In the initial stages Tatian takes blocks of material from Luke and Matthew and John, but from the baptism of Jesus onwards the arrangement of the material from the four source-Gospels is more intricate and involved, with single verses and phrases drawn from different gospels, and inserted in various places. The Sermon is on the plain (but contains the extended sections of Matt 5-7). The cleansing of the temple is located at the beginning of the passion narrative (as in the synoptic gospels) and this takes John 3 with it to the later position (Arabic 32); the rest of John, from ch 8 follows from there (John 7:53-8:11 is lacking).

             Obviously the whole arrangement misses the purpose behind the individual accounts at times; an example of this is the report of the crucifixion (see Arabic 51 & 52). We have the traditional seven words from the cross in the following order: 1) ‘Verily I say unto thee, Today shalt thou be with me in Paradise’ (Luke 23:43); 2) ‘Woman, behold thy Son. . .Behold, thy mother’ (John 19:27); 3) ‘Yail, Yaili, why hast thou forsaken me?’; 4) ‘I thirst’ (John 19:28); 5) ‘Everything is finished’ (John 19:30); 6) ‘My Father forgive them; for they do not know what they do’ (Luke 23:34); 7) ‘My Father, into thy hands I commend my spirit.’ (Luke 23:46).

                                                                   Then follows (Arabic 52.8-13) the tearing of the temple curtain from top to bottom, the earthquake, the opening of the tombs, whereupon the officer, seeing this, said: ‘This man was righteous; and truly he was the Son of God’.[38]  The multitudes then also smote their breasts.

             Various phrases from the long ending of Mark are found in the resurrection account.  The penultimate chapter is John 21.  The closing chapter (Arabic 55) consists of a conglomeration of Matt 28:16-20; Mark 16:14-20; Luke 24:49-53; closing off with the statement of John 21:25 (‘there are many other things which Jesus did. . .’).


3. The Incarnational Perspective

             From a christological perspective it is notable that Tatian begins with John 1:1-5.[39]  This places the whole work in the clear theological framework provided by John’s ‘In the beginning was the Word.’  It is the theological, rather than the historical and literarily-specific Luke 1:1-4  which introduces Tatian’s gospel.[40]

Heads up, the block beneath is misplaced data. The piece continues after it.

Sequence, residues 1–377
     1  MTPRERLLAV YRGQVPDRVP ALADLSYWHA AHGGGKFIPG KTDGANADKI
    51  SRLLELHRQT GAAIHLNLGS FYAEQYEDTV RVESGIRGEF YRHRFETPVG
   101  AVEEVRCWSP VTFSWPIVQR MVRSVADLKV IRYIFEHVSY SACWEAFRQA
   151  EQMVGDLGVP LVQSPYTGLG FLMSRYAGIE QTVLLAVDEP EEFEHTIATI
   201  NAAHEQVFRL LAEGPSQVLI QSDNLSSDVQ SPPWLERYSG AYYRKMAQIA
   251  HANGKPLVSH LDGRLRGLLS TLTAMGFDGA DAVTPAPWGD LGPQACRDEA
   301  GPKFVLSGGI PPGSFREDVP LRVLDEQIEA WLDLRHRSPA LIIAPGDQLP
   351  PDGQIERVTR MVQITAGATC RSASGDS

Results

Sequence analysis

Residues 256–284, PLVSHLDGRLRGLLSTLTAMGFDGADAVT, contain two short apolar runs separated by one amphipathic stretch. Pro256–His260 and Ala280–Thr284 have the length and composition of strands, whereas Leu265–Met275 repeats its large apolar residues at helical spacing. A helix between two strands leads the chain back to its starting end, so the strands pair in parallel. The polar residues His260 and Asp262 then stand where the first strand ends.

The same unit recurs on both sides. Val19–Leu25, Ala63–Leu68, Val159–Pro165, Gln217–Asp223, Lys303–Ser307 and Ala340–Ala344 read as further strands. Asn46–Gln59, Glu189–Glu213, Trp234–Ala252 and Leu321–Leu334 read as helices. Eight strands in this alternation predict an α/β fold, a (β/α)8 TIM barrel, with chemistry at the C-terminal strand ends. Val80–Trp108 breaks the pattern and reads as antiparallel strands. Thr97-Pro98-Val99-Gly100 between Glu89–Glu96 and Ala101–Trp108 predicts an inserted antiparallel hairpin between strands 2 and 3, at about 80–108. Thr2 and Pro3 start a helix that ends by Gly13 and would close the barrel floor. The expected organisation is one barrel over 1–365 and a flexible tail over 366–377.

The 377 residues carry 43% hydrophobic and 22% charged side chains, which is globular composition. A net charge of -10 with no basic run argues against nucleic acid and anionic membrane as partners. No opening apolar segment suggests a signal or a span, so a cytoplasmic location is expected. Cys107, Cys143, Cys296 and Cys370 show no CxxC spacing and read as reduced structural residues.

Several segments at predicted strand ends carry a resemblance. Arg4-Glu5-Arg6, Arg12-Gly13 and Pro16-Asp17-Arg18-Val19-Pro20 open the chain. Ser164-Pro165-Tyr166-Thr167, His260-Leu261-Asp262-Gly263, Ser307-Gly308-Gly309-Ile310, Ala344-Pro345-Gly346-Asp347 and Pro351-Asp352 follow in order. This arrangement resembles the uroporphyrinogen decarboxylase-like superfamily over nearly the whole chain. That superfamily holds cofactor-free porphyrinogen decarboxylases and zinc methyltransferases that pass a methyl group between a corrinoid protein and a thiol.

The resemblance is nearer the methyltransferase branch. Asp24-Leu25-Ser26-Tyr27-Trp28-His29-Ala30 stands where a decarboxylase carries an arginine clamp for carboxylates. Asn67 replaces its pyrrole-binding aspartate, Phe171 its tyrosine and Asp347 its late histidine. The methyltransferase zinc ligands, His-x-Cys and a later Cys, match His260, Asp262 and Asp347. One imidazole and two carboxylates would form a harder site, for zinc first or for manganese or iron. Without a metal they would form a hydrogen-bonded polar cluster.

The Johannine prologue serves as a kind of inclusio  for the birth narratives in the Diatessaron. The order of the birth narratives is as follows:[41]


John 1:1-5

          Luke 1:5-80

          Matt 1:18-25a

          Luke 2:1-39

          Matt 2:1b-23

          Luke 2:40-52 & 3:1-6

John 1:7-28.


             Thus Tatian’s arrangement has the effect of explaining ‘the Word became flesh’ by means of the story of the virgin birth.  This echoes exactly the way in which the relationship between these two christological moments was made in increasingly sophisticated ways by Christian writers in the second century.  Early in the century Ignatius held the virgin birth and the incarnation of the Word in tension without relating them (Ignatius, Magn. 8.2 & Eph. 7.2).  Around AD 125 Aristides brought the virgin birth and the assumption of flesh into juxtaposition (Aristides, Apology, II).  In the middle of the century Justin says: ‘the Word, who is the first offspring of God, was born for us without sexual union, as Jesus Christ our Teacher. . .’ (Apol. I.21).  The second-century climax is reached in Melito of Sardis’ statement: o9 Lo/gov o9 e0n parqe/nw| sarkwqei\v.[42]  In other words, Tatian’s Diatessaron represents a narrative version of this theological harmonisation, which became an important theological principle in later debates.[43]


4. The Omission of the Genealogies

             Perhaps the most notable feature of Tatian’s Diatessaron was the omission of the genealogies of Jesus (Matt 1:1-17; Luke 3:23-38).  Although some witnesses do include genealogies (Fuldensis, Persian & Dutch[44]); they are absent from the text of Ephraem, and from the Arabic translation, and this omission is mentioned by Theodoret and the ninth-century Bar-Ali.[45]  It seems clear that the absence of the genealogies was noted and rectified by some later writers; for example, the (Arabic) Borgian MS adds them after the text of the Diatessaron.[46]  The addition of the genealogies would have redeemed the harmony for orthodox use.

             Several of the ‘orthodox’ Fathers noted Tatian’s omission of the genealogies (especially since with the exception of Luke 1:1-4 he otherwise omits nothing of such substance).  Other groups or individuals in the Patristic period also omitted the genealogies of Jesus from their gospels.  For example the Gospel of the Ebionites (according to Epiphanius Panarion, 30.14.2f) omitted Matthew’s genealogy in order to facilitate their adoptionist reading of the gospel.  Marcion was severely criticised by Irenaeus for omitting the Lukan genealogy (along with all the birth narrative): ‘he mutilates the Gospel which is according to Luke, removing all that is written respecting the generation of the Lord’.[47]  This supports the view that the genealogies were regarded as supporting the humanity of Jesus.[48]  Tatian’s omission, therefore, could be indicative (if further supporting evidence is found) of a definite christological tendency.  On this point it is also worth noting the way in which Tatian refrains from speaking of Jesus’ physical parents.